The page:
The Enchanted City: Miyazaki’s Masterpiece Review

MILAN – A long dark and scary tunnel, a boundary between the real world and an unknown fantasy that is unknowingly crossed by the Ogino family to reach their new home, but which, once crossed, will forever upset the life of little Chihiro. It opens like this The enchanted city (which returns to the cinema in a review dedicated to Studio Ghibli from 1 July to 17 August), with a sudden and unexpected trauma, with the shocking transformation of the parents into greedy and hungry pigs and with the shocking awareness on the part of the child to be left alone in a hostile world that rejects her. The enchanted cityas happens in Miyazaki’s more complex and multifaceted films, it begins with a dramatic break with the status quo so as to create an intricate narrative canvas that aims to rebalance a lost situation and at the same time allow the characters who draw the story to evolve and change.

An image of The enchanted city

This also happens to Chihiro, who first has to leave the place where she lived and the affections she has held and then is catapulted into a reality different from the one she was used to, a world full of spirits and divinities, faceless ghosts and witches. malignant. Self The enchanted city more than all the other Ghibli films managed to reach international acclaim with the victory of an Oscar and a Golden Bear, it is because the project by Miyazaki which in the original is entitled The disappearance of Chihiro and Sen manages to perfectly blend a strong oriental identity with a western emotional and narrative sensitivity. The difficult journey that little Chihiro must make is very similar to the path that Alice in Wonderland takes, a path towards what is unknown to be able to know and change one’s being, steeped and inserted however in Japanese folklore and spirituality.

A scene from the film

The protagonist, in fact, finds herself inside a huge spa complex where spirits and divinities go to relax and purify themselves, where human beings are not welcome and where Shinto spirituality permeates every space of that fantastic world. Hers is a path that starts from the bottom and must collide with the top, she is helped and welcomed by the mysterious boy Haku and the kind humanoid spider Kamaji who works in the boilers, thanks to the eccentric Lin she will be able to make space between the long corridors and to get used to resisting in that place and then reach the top floor where the witch Yubaba will make her sign a contract to work and with which she will hold her by stealing her name and starting to call her Sen (the witch only steals a Kanji from her that in Japanese reads Sen).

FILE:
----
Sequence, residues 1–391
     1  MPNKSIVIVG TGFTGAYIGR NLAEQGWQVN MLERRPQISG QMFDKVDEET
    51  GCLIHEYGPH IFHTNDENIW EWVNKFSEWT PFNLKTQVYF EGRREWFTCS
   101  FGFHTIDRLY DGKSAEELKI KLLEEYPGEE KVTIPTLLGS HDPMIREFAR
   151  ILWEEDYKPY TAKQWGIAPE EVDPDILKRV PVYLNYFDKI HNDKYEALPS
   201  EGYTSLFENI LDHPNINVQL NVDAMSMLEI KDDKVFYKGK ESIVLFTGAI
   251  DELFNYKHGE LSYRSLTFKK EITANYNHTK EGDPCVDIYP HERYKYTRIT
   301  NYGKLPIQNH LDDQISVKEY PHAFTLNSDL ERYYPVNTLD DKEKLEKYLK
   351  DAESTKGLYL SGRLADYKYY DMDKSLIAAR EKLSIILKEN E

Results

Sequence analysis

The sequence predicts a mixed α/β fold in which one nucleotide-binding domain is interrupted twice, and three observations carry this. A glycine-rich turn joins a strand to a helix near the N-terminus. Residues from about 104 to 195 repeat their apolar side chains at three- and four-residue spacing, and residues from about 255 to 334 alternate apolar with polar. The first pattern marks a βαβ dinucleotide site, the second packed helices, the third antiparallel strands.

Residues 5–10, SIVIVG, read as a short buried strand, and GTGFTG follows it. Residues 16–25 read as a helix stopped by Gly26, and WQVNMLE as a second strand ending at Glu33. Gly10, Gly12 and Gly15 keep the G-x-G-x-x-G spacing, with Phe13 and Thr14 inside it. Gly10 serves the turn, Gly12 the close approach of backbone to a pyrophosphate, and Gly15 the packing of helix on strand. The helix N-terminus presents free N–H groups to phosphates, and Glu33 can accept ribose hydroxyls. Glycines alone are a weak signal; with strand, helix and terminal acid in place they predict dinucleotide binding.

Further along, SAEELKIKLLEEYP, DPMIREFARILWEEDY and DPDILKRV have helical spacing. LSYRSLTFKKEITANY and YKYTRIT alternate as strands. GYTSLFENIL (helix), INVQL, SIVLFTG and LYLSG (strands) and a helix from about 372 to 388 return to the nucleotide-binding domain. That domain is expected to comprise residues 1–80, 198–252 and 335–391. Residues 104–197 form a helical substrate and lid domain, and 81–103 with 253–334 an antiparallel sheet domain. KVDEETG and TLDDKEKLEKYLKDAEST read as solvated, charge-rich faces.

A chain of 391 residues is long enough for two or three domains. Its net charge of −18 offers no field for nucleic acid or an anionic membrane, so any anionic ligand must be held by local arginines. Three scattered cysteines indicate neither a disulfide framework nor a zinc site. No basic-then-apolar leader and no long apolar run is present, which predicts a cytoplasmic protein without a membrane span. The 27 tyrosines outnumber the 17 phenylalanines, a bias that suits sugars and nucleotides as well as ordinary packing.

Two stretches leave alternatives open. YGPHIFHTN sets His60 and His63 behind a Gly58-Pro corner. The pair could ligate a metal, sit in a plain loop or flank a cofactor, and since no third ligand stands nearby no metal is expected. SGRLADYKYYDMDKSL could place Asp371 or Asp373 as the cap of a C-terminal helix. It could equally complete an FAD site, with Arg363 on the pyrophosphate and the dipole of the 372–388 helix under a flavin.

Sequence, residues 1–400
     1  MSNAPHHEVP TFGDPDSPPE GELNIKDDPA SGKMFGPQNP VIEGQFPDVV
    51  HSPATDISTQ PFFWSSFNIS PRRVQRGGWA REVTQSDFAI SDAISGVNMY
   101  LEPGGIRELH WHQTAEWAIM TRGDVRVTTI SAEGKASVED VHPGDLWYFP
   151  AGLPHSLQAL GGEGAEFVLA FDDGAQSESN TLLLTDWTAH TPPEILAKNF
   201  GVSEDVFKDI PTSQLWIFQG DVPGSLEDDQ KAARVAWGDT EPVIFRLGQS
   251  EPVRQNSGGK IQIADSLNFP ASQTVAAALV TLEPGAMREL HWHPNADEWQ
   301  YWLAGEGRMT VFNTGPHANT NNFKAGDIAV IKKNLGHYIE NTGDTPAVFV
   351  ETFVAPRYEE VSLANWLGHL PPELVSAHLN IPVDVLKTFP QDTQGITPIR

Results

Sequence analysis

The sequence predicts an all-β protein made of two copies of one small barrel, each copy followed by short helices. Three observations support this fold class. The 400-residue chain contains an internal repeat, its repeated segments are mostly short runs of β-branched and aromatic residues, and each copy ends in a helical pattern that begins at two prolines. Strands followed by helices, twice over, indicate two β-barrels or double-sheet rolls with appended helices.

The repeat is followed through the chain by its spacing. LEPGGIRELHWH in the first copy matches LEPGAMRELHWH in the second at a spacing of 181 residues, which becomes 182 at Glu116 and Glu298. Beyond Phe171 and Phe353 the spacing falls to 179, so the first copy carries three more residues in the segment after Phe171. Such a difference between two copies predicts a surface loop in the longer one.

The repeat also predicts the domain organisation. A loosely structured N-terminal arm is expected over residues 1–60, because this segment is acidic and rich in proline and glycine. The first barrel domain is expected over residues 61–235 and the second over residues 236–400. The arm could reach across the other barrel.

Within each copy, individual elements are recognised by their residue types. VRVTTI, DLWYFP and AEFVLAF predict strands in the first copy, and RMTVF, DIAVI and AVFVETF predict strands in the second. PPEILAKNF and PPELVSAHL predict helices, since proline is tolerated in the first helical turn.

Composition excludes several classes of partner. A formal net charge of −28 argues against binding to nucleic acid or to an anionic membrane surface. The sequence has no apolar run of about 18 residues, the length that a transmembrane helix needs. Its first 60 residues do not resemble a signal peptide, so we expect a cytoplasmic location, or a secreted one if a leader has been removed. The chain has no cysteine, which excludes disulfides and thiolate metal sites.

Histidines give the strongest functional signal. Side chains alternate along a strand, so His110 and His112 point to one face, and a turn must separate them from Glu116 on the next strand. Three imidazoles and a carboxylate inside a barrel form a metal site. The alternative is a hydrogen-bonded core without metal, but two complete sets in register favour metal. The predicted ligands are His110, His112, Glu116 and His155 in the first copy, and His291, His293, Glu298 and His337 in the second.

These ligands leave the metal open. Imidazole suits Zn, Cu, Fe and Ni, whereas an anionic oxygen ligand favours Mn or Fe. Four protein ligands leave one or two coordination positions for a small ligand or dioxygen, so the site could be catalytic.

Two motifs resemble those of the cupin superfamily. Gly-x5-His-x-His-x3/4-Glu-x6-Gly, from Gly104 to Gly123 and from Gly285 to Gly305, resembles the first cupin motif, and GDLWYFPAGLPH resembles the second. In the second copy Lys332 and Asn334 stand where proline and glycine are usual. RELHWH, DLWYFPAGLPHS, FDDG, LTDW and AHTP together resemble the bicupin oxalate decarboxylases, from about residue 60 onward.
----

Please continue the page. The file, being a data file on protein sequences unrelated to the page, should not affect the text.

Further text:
The enchanted city returns to the cinema in a review dedicated to Studio Ghibli

A troubled and at times dangerous adventure that will lead Chihiro to open up and to make a metamorphosis, to seek his true identity by colliding with his edges and his oddities, to change thanks to the traumas he undergoes and through the people he meets and the bonds he it will establish in a non-place which, however, will become more influential than reality. The one that creates Hayao Miyazaki with The enchanted city manages to go beyond every concept and cinematographic border, it is the perfect example of how animation is the right tool to go further, to take a step beyond the tangible to be able to tell reality itself from another perspective, reachable only by wonderful designs that manage to come to life.

The enchanted city
An image from the film

Miyazaki escapes from the real world to tell it even more deeply through his unique and personal poetics by tying a layered and compelling story together with a visual imagery incomparable to any other animated work. The keystone that has made Miyazaki one of the most important directors in the history of cinema is the ability to insert stratifications, to build a story capable of standing on multiple narrative and emotional levels which in turn manage to intertwine to unite in a filmic union. that flows perfectly, both to remain independent and to be understood and analyzed by those who have the ability to intercept them.

A scene from The Enchanted City

Thus a child is dragged into the heart of the story by the extraordinary visual beauty, the magical and mysterious aspect of the film and thanks to the direct empathy towards its protagonist, a teenager is struck by the friendship and love bonds that the film develops and an adult deepens and confronts the theme of pollution, work, modern capitalism, the cornerstones of Miyazak’s poetics and that even within The enchanted city they are present and fundamental. So, an animated film manages to go beyond all boundaries, break down all prejudices and escape from time, thus becoming an almost incomparable visual and narrative show that will live forever and that fortunately returns to the cinema, its place of belonging and the is the only place that deserves to welcome such a mammoth and fundamental work of art for cinema.

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The Enchanted City: Miyazaki’s Masterpiece Review –